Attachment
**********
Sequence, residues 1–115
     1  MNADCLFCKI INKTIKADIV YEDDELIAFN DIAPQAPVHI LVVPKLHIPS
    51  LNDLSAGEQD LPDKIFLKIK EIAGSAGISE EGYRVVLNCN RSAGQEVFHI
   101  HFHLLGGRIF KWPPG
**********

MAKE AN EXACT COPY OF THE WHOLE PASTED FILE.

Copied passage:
Sequence, residues 1–115
     1  MNADCLFCKI INKTIKADIV YEDDELIAFN DIAPQAPVHI LVVPKLHIPS
    51  LNDLSAGEQD LPDKIFLKIK EIAGSAGISE EGYRVVLNCN RSAGQEVFHI
   101  HFHLLGGRIF KWPPG